His idea is to basically remove the capability of ‘conspirators’ to be able to communicate effectively and in secret, thus removing their ability to conspire. The leaks also turn the organisation on itself and fosters paranoia, thus further reducing its ability to ‘conspire’.

The more secretive or unjust an organization is, the more leaks induce fear and paranoia in its leadership and planning coterie. This must result in minimization of efficient internal communications mechanisms (an increase in cognitive “secrecy tax”) and consequent system-wide cognitive decline resulting in decreased ability to hold onto power as the environment demands adaption. Hence in a world where leaking is easy, secretive or unjust systems are nonlinearly hit relative to open, just systems. Since unjust systems, by their nature induce opponents, and in many places barely have the upper hand, mass leaking leaves them exquisitely vulnerable to those who seek to replace them with more open forms of governance.

This is a kind of assymetric information war that could only be fought in the internet age. And, in a way, it was probably inevitable – remember Stuart Brand’s “information wants to be free”, meaning not that information ought to be made freely available, but that the cost of distribution is so low that it becomes harder and harder to keep it from moving around.

I find Assange’s essay compelling, but I still have concerns. They centre around trust:

How do we know we can trust Assange and WikiLeaks?

For the time being, I think we can. But the very lack of transparency in its own workings – by Assange’s own theory – make it ripe for descending into a conspiracy of its own.

Yet opening up WikiLeaks would likely cause it to stop functioning, as the leakers would suddenly be exposed, and the organisation itself would be vulnerable to being taken down, whether through its leaders being arrested or its servers disabled.

This suggests a paradox: in order for openness to thrive, there must be some restrictions on some information.

And I don’t believe there is any way to resolve this paradox satisfactorily.

That’s not to say this paradox is unique to this context; Hobbes faced the very same paradox when considering how to prevent people from descending into a war of all against all. His solution was an all-powerful sovereign state that has the power to force people to cooperate without defecting – to take a Prisoner’s Dilemma analogy.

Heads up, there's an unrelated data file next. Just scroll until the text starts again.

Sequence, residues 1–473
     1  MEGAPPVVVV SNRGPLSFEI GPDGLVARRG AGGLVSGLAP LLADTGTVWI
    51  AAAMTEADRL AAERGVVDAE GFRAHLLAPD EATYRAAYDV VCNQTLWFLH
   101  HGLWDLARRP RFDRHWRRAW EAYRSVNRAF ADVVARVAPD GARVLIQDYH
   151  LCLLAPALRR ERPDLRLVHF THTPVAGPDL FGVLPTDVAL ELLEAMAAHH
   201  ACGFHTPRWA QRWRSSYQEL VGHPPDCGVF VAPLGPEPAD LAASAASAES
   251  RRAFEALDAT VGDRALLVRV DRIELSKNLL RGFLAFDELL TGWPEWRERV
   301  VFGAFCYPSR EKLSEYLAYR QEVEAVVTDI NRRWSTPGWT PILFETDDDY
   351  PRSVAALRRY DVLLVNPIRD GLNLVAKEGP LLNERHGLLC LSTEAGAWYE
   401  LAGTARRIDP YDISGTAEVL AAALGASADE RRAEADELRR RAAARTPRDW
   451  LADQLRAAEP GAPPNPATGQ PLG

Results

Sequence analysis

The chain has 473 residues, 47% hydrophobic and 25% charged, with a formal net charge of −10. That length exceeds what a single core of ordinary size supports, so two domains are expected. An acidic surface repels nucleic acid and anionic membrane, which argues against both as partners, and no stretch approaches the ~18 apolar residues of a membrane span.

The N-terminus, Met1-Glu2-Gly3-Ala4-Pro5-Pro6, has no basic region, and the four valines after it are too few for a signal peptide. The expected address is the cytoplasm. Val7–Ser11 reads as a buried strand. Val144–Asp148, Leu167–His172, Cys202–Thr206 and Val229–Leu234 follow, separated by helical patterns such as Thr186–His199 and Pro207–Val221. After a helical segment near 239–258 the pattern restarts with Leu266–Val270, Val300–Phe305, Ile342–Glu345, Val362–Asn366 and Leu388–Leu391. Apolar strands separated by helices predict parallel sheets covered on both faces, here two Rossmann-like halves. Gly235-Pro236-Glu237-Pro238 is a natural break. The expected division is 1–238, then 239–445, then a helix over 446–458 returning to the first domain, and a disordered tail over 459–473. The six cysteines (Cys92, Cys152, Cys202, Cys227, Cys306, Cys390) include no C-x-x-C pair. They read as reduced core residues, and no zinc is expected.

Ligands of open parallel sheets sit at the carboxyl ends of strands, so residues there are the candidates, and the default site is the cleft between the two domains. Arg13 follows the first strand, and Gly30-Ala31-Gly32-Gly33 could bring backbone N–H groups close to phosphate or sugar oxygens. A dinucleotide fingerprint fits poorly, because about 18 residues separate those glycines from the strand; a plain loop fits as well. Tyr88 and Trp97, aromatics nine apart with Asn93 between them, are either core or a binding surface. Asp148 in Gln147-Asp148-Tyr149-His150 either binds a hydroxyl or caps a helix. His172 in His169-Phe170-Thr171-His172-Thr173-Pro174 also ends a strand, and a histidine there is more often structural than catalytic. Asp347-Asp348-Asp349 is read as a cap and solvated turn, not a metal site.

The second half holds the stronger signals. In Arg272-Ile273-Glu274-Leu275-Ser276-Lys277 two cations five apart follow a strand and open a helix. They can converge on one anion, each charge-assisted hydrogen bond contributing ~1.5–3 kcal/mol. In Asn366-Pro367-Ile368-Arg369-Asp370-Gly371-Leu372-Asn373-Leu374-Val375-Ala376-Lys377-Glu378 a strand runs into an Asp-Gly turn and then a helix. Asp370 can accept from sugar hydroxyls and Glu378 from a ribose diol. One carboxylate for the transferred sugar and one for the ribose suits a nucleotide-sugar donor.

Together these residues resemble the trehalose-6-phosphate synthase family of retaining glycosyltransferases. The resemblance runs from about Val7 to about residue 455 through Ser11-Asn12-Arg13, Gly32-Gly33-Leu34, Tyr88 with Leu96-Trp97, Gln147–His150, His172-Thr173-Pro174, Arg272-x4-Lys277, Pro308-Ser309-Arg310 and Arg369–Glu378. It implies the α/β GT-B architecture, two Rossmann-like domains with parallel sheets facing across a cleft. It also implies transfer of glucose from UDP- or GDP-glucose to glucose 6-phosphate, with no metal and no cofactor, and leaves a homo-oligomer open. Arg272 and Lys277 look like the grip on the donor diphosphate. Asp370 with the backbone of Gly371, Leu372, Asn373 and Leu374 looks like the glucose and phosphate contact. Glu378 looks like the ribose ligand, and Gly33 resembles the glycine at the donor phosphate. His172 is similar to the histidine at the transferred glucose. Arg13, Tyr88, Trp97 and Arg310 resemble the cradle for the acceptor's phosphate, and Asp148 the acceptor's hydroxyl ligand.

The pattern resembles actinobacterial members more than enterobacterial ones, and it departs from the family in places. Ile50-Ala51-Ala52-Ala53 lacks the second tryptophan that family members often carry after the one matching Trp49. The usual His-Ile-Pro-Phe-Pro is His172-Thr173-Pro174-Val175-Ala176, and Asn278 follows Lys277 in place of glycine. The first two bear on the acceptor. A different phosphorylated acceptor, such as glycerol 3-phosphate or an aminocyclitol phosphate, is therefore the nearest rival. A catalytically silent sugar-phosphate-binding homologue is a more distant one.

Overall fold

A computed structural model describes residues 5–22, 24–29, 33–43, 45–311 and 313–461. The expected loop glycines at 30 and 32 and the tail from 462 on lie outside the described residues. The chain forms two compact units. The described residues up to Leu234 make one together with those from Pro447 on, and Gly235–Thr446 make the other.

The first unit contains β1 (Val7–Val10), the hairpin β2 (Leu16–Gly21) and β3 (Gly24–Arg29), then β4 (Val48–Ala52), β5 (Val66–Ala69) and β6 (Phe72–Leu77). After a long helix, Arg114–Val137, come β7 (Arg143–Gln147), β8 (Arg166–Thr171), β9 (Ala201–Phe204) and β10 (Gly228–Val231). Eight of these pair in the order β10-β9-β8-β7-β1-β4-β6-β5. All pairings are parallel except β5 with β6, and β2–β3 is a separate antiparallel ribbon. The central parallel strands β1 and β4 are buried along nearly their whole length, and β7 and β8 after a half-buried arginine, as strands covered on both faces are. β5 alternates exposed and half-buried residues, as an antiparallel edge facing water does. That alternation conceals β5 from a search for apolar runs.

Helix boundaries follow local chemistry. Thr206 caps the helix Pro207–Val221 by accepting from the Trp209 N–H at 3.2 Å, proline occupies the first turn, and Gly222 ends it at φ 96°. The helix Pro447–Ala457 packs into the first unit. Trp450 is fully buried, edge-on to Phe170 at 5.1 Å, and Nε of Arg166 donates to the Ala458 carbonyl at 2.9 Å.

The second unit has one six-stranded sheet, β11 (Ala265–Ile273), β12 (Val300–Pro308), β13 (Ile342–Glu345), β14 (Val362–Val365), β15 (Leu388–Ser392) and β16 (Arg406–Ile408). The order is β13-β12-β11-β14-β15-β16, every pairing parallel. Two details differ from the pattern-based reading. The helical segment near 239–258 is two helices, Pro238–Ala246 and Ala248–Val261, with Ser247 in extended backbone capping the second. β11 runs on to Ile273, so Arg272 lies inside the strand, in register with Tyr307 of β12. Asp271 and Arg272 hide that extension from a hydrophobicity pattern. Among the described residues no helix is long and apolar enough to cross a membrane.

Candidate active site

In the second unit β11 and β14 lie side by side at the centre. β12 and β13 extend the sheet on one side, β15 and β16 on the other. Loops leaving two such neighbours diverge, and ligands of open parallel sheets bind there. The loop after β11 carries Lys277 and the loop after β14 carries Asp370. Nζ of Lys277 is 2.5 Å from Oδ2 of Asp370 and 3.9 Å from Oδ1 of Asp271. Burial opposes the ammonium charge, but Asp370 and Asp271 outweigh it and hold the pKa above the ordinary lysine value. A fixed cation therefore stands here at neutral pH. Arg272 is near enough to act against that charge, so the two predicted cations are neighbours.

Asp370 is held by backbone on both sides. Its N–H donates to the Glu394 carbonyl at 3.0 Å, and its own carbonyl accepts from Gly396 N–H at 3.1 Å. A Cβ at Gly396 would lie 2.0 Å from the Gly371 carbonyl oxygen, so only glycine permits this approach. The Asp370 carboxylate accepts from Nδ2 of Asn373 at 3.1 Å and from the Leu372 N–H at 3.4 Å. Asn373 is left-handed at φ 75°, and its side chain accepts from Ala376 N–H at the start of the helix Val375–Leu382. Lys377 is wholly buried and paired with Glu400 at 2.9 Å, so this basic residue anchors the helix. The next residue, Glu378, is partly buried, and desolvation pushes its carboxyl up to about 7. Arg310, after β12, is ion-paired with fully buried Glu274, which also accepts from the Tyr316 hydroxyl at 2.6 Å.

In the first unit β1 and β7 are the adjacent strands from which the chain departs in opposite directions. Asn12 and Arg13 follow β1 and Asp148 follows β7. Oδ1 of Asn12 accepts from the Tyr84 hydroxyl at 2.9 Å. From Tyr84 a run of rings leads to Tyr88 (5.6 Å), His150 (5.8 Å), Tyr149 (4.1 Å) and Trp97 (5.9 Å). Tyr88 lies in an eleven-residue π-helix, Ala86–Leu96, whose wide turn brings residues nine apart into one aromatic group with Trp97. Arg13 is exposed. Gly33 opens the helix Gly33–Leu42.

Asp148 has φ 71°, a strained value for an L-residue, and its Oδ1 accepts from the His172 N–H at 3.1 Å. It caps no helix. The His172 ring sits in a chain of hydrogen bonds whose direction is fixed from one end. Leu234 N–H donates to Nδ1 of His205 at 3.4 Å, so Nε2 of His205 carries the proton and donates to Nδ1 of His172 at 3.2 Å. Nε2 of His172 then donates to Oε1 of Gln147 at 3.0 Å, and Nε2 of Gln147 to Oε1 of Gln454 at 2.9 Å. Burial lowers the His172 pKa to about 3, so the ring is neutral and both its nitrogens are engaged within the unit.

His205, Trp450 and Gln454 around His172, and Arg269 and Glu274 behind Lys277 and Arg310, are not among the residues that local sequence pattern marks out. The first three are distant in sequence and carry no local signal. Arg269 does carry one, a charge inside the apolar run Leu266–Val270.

But… how do the citizens know the sovereign won’t defect on them? I.e., how do they know the state won’t abuse its power and engage in some kind of conspiracy to further its own ends to the detriment of the people?

There is, to date, no perfect solution to this problem. The separation of powers, a free press and as much transparency as possible is the best we’ve come up with until now. And the very existence of WikiLeaks suggests that even this hasn’t sufficient to date.

Another concern is whether full transparency is always a good thing. I see it as being a sliding scale: more transparency means more bad acts are caught, but also more benign acts might also be inappropriately exposed (say, revealing a political leader is gay or atheist, causing a perfectly competent leader to be ousted for reasons irrelevant to their capability to perform their job).

Some things should remain private. Although too much privacy and secrecy means less benign acts are exposed, but also makes it easier for bad acts to occur unseen.

There’s no perfect solution to this problem. It’s a trade-off.

So, check and balances. Checks and balances. It’s the best we can do. And while WikiLeaks is putting itself forward – commendably, in my opinion – as a check on authoritarian and ‘conspiratorial’ power, it needs to be aware of the potential trap it’s digging for itself.